”How about the rule of law as a precedent?”

    Using the words ‘rule’ and ‘law’ and ‘Russia’ in one sentence should always raise eyebrows. Maybe you should ask Robert Amsterdam and the citizens of Grozny how closely the Russian Federal government sticks to its own laws and constitution.

  88. GER O'BRIEN says:

    And whilst you’re at it, you could also ask TNK-BP, Shell and just about every misfortunate foreign oil company who’ve had any involvement with the Russians. Using the Russian government as any sort of standard bearer for the rule of law is just fucking hilarious.

  89. Andy says:

    Apologies – a few comments have been getting trapped in the spam filter, mostly from Randy McDonald. I think I’ve rescued them all now, and am looking for an alternative spam solution.

    In the meantime, if one of your comments doesn’t appear immediately, I’d recommend:

    1) Re-posting the comment (its a good idea to copy the text before pressing ‘sumbit content’)
    2) If that fails, send me a quick email using the contact form. A link is available at the top of the page.

  90. Sir Ivan

    Don’t let those two get to you.

    As we both know, there’re many other examples besides UNSCR 1244, which shows the hypocritical nature of Russia bashers.

    Note how they keep rehasing the same BS without directly replying to the facts and fact based opinions that debunk their ignorantly pious stances.

    Omitting how the Albanians became a recent majority in just a part (not whole) of Serbia, while glossing over decades of Albanian nationalist terrorism – inclusive of the repackaged KLA, which is certainly not more multi-ethnically tolerant or democratic than Serbia minus Kosovo.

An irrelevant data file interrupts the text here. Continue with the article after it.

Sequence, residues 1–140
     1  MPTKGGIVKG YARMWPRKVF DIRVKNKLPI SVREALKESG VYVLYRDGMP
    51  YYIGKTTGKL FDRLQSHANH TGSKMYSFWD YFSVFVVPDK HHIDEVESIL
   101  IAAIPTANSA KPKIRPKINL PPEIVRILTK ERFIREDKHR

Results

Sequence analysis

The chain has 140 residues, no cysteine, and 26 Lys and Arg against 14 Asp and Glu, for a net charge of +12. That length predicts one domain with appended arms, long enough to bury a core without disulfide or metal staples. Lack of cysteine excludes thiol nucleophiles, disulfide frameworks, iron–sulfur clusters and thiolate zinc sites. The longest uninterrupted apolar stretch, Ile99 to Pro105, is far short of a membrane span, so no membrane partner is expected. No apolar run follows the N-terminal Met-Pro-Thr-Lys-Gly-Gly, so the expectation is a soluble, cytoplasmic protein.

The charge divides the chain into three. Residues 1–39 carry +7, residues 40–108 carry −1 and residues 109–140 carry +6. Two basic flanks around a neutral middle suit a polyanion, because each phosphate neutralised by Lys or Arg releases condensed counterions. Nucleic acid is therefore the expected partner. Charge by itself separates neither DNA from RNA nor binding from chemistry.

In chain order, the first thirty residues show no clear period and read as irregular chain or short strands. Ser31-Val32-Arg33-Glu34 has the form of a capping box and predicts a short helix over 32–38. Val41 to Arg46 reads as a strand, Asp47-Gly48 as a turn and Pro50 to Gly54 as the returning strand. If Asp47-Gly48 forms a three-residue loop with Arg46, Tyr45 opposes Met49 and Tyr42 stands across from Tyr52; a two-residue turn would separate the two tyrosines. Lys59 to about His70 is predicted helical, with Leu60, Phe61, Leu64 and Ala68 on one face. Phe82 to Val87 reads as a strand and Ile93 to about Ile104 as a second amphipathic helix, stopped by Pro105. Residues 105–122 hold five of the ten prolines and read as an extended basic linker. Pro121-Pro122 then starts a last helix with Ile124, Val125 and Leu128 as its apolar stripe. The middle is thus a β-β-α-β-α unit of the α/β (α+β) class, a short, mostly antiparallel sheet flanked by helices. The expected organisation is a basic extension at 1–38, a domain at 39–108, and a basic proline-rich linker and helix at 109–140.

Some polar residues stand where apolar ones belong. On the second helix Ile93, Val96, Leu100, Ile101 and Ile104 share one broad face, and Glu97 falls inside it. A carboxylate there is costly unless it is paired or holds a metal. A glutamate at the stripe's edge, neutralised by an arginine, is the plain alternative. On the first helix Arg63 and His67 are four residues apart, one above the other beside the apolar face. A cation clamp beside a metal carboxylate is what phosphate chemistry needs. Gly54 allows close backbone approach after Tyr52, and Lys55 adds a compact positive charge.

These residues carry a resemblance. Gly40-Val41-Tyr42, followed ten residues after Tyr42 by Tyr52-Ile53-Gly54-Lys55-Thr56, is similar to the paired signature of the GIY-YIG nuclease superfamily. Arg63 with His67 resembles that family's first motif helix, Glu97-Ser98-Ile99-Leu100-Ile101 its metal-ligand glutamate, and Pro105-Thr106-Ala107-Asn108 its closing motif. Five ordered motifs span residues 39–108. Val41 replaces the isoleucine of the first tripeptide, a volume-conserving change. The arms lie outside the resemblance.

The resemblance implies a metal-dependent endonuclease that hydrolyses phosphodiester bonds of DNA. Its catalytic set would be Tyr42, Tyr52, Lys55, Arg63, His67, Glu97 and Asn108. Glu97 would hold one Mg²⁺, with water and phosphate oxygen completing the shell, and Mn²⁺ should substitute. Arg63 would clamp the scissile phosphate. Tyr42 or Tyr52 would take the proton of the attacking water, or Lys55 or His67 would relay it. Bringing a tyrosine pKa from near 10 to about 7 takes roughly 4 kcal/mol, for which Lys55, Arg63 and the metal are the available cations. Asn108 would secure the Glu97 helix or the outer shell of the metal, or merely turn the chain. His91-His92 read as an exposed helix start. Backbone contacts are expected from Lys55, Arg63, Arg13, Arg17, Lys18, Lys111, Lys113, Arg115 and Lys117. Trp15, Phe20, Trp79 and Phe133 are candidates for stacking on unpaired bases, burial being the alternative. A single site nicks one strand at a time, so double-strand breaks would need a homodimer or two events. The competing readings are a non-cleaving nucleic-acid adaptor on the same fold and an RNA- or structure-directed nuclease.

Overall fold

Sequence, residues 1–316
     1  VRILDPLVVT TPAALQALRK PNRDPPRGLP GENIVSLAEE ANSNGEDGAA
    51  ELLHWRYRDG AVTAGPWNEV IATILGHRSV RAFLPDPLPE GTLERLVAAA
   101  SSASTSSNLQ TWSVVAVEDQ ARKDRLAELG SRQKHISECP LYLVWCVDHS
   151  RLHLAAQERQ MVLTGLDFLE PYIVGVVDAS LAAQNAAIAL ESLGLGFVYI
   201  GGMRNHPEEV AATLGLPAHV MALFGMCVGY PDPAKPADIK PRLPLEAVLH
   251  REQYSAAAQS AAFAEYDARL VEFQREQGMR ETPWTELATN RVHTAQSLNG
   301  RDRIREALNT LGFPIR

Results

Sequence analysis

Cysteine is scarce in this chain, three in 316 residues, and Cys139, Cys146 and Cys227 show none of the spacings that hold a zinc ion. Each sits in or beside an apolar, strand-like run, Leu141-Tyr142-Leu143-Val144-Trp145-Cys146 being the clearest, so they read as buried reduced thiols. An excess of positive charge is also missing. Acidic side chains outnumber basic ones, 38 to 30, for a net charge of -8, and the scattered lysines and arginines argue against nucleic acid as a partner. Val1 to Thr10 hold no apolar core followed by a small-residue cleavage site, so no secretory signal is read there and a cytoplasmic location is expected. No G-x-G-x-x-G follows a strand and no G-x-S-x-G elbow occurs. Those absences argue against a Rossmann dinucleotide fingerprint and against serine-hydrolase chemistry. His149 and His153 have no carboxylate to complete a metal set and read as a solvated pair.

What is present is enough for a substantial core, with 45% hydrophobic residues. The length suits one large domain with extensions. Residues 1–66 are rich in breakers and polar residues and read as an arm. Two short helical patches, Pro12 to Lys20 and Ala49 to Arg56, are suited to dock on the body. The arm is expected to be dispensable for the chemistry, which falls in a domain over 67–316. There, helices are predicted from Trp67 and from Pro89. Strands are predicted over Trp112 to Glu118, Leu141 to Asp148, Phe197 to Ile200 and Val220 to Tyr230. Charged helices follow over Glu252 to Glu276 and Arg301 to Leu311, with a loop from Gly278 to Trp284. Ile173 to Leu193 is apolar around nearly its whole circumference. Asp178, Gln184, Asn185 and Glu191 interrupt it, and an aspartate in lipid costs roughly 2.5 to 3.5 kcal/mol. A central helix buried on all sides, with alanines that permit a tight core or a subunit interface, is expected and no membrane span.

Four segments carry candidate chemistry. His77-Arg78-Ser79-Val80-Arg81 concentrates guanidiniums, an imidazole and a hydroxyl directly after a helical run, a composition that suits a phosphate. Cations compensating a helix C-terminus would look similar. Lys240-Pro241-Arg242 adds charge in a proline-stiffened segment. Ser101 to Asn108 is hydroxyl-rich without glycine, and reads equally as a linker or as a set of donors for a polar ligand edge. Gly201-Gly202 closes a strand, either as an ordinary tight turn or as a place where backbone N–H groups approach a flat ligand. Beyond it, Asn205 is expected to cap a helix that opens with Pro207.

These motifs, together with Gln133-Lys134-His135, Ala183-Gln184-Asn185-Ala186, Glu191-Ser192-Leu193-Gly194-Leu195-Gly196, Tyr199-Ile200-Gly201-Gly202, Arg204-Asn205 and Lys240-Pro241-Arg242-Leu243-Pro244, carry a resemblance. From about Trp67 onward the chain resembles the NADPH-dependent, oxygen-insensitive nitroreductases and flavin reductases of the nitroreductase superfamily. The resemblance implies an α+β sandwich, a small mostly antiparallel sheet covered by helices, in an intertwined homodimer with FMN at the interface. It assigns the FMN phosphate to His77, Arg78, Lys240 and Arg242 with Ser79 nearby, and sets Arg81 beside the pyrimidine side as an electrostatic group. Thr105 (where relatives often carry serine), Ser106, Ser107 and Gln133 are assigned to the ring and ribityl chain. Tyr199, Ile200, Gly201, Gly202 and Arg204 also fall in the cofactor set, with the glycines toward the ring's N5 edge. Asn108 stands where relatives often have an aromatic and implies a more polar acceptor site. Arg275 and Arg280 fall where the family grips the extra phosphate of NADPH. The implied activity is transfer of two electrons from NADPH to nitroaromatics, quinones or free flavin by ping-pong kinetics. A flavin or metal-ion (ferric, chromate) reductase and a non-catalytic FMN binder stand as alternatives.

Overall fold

Savo, Aleks and yourself provided added substance to this thread.

  91. sirivanhoe98 says:

    Ger O’Brien

    “Using the Russian government as any sort of standard bearer for the rule of law is just fucking hilarious.”

    So what is the point? UN resolution 1244 can be ignored? On what basis? because Russia supports it?

  92. Mr. MacDonald:

    Regarding your last post, on getting caught in the filter, all you’ve to do is scroll back and you’ll see that your written material is still saved. At the top of your post that didn’t go thru, write second attempt.

    You can also send Andy an email about the problem.

    How you negate UNSCR isn’t in sync with reality. It’s still in effect and hasn’t been amended.

    You’re advocating a big brother kind of environment where because a select few decide something wrong it should be done “because they say so”.

    The actual realities are against Kosovo’s independence. The place remains socio-economically downtrodden with Western forces calling the shots there. Kosovo will not be making it into the UN and is likely going to be kept out of most, if not all major international organizations.